R Sachidananda, Chokkalingam, Siddique, McRae
elongated syloid process, referred otalgia, tonsillar mass
R Sachidananda, Chokkalingam, Siddique, McRae. Elongated Styloid Process: A Rare Presentation As A Tonsillar Mass. The Internet Journal of Otorhinolaryngology. 2005 Volume 5 Number 2.
Elongated styloid process causing Eagle's Syndrome is a rare clinical entity. The diagnosis is often difficult because of its vague symptomatology. Palpation of tonsillar fossa with radiological demonstration of the elongated styloid process confirms the diagnosis. We report a rare case of elongated styloid process presenting as tonsillar mass
Elongated styloid process is a rare clinical condition, which often presents with vague cervicofacial pain, foreign body sensation in the throat, dysphagia, facial pain and referred otalgia. The patient presents to the dentist or otolaryngologist with these symptoms. Diagnosis is usually done by palpating the tonsillar fossa for an unusually elongated styloid process. The diagnosis is confirmed by soft tissue lateral radiograph of neck, orthopantomogram or a computed tomography scan (CT scan.) This paper reports an unusual presentation of an elongated styloid process presenting as a mass in the tonsillar fossa.
A forty one year old man presented to the ENT clinic with history of foreign body sensation in the throat and vague pain in the right tonsillar fossa for more than six months duration. He was a chronic smoker. Examination of oropharynx revealed a smooth mass arising in the right tonsillar fossa measuring about 4 x 4 centimetres. On palpation the mass was firm in consistency with lobulations. The opposite tonsil was normal in size and appearance. Fibreoptic flexible endoscopic examination of the postnasal space and rest of pharyngo-larynx was normal. There was no lymph gland enlargement in the neck or else where in the body. There was no hepato-splenomegaly. Tonsillectomy was considered to diagnose lymphoma or malignancy.
The patient underwent right tonsillectomy under general anaesthesia. After removal of the tonsil, a sharp elongated styloid process measuring about two cm in length was pointing into the tonsillar fossa .The pericapsular tissue showed exuberant red granulation tissue. The elongated styloid process was amputated and smoothened .The tonsil was sent for histopathology, which revealed non-specific granulation tissue. On six months follow up patient was symptom free.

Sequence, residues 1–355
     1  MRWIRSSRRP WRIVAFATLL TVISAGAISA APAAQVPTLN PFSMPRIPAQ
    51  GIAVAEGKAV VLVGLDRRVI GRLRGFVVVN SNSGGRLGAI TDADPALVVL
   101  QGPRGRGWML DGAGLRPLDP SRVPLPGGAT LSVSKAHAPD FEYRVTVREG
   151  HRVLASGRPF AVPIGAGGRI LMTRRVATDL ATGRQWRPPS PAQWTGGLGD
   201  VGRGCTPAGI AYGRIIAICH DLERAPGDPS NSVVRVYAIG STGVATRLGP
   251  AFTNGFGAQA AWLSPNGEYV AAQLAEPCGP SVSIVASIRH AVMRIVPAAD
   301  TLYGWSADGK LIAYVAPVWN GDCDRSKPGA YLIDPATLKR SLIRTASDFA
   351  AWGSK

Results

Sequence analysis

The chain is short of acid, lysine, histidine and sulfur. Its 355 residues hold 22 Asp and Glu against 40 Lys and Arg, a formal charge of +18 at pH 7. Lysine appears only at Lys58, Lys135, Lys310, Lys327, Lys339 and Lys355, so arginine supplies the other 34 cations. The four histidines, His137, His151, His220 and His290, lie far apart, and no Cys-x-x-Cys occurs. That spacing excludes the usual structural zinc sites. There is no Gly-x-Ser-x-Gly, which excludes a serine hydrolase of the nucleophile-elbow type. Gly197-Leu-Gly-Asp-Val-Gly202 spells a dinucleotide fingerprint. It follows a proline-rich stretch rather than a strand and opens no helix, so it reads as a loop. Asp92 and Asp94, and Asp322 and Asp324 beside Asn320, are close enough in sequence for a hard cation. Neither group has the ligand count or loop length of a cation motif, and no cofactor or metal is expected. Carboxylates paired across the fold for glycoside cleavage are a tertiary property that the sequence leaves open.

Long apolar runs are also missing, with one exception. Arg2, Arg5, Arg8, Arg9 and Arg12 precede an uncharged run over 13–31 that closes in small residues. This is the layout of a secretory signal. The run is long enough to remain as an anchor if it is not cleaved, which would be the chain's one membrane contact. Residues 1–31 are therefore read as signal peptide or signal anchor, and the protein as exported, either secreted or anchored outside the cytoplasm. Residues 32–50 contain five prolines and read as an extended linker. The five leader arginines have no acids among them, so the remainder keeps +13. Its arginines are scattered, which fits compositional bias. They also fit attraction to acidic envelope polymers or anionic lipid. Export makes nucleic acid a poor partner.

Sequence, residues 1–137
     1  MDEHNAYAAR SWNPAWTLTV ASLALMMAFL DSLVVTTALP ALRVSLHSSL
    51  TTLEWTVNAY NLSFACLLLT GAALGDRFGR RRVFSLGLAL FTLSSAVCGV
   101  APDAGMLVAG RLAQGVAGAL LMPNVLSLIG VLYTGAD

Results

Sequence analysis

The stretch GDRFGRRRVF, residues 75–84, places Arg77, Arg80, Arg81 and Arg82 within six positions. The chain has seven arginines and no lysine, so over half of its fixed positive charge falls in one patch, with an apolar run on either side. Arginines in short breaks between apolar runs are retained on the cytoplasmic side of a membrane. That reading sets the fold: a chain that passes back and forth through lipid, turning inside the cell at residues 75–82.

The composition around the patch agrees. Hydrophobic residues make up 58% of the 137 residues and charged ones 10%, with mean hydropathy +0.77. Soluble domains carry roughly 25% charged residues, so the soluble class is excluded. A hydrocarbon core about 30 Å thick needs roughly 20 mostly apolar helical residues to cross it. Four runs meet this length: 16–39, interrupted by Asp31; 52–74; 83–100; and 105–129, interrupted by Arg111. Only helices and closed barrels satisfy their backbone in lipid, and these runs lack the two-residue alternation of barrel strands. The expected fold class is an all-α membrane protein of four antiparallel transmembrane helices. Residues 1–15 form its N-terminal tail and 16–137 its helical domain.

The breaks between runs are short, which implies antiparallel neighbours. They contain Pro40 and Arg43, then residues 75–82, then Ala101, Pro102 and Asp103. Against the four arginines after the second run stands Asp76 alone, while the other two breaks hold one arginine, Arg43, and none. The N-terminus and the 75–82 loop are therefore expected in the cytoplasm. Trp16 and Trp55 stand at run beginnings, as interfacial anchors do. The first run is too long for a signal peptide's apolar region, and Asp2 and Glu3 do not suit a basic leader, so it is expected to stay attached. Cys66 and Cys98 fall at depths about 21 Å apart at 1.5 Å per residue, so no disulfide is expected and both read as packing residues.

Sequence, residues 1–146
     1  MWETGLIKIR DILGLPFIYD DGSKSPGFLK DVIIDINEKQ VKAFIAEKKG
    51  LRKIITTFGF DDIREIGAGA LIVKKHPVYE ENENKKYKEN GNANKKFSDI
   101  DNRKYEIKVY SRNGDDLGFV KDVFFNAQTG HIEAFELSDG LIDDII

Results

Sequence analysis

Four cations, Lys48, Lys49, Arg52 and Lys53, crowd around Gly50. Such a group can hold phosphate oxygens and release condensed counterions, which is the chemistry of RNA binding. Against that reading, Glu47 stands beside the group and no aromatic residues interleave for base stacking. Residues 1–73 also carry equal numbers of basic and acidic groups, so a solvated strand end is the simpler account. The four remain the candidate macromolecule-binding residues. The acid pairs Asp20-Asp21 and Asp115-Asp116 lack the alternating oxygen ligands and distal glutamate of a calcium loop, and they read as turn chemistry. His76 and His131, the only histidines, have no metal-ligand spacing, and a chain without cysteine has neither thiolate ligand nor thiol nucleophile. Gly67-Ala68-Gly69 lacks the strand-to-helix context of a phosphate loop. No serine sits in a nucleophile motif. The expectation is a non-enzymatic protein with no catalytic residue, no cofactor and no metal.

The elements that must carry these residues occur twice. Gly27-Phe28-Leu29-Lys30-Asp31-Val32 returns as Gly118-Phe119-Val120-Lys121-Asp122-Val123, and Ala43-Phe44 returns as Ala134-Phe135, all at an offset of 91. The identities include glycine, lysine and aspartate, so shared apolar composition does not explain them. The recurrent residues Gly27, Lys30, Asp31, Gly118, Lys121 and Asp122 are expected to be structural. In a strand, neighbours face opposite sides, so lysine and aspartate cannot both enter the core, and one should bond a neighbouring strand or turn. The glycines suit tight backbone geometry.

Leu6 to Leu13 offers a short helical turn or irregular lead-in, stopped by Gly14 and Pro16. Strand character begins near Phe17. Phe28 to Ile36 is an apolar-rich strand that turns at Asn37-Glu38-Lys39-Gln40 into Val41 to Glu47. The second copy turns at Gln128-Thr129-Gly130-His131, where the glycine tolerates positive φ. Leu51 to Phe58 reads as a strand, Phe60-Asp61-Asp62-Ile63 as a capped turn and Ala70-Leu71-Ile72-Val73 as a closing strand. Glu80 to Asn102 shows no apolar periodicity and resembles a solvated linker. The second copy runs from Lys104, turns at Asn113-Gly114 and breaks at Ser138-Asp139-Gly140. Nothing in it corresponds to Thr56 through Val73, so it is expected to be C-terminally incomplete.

Eagle's Syndrome or Stylalgia caused by elongated styloid process is an uncommon and under diagnosed clinical entity. Often it presents with vague pain in the throat, facial pain, referred otalgia and difficulty in swallowing. The first mention of elongated styloid process as a clinical entity in literature was by Lucke (1870) and Weinlecher (1872) 1 It was Eagle 2,3 who described this as a syndrome complex mainly in two varieties. The classical variety presents as pain in throat, referred otalgia & foreign body sensation in the throat. A second variety was styloid process compressing the carotid artery presenting as carotodynia, headache and dizziness. He found that these patients were relieved of symptoms by shortening the styloid process.
Styloid process is a part of the temporal bone lying anteromedial to the mastoid process, measuring about 2 to 3 centimetres. Embryologically it is a derivative of second branchial arch along with styloid ligament & lesser cornu of hyoid bone .The cause of elongated styloid process is not very well understood but several theories have been put forward. The most popular one is growth of osseous tissue along stylohyoid ligament.4
The clinical symptoms with which the patient presents is due to compression on the adjacent nerves mainly the glossopharyngeal, lower branch of trigeminal & the chordatympani. The other possible causes of pain may be due to proliferation of granulation tissue after a traumatic fracture of styloid process 5 insertinotendinosis or impingement on the carotid vessels.1
Diagnosis can be made by plain radiography, orthopantomogram and CT scan. Injection of local anaesthetic7 into tonsillar fossa relives pain and can be used as a diagnostic tool.
Treatment is mainly surgical where the elongated styloid process is shortened by trans-tonsillar or by external approach. . Injection of steroid in the lower tonsillar fossa has been described for patients unfit for surgery.6
Our patient had a unique presentation of a unilateral tonsillar fossa mass that gave us the impression of tonsillar malignancy. The apparent tonsillar swelling was caused by non specific exuberant granulation tissue in the pericapsular space due to the sharp elongated styloid process impinging on the tonsillar fossa. The final histopathology confirmed the tonsil was normal and the associated granulation tissue was non-specific. Symptomatic elongated styloid process usually presents as a non-specific pain in the throat, but extremely rarely as a mass in the oral cavity. Literature search shows that it has been reported only once wherein a elongated styloid produced a mass in the oral cavity8
Eagle's syndrome associated with elongated styloid process is well known clinical entity. Tonsillar mass caused by elongated styloid process is uncommon and to our knowledge this is the second reported case. ENT surgeons should be aware of this entity when a patient presents with vague throat pain and tonsillar mass. Clinical palpation of tonsillar fossa should be complemented with a plain radiography or a CT Scan to make a diagnosis and exclude this rare possibility.
Mr Ravi Sachidananda
1, Cedar Court
North Tyneside General Hospital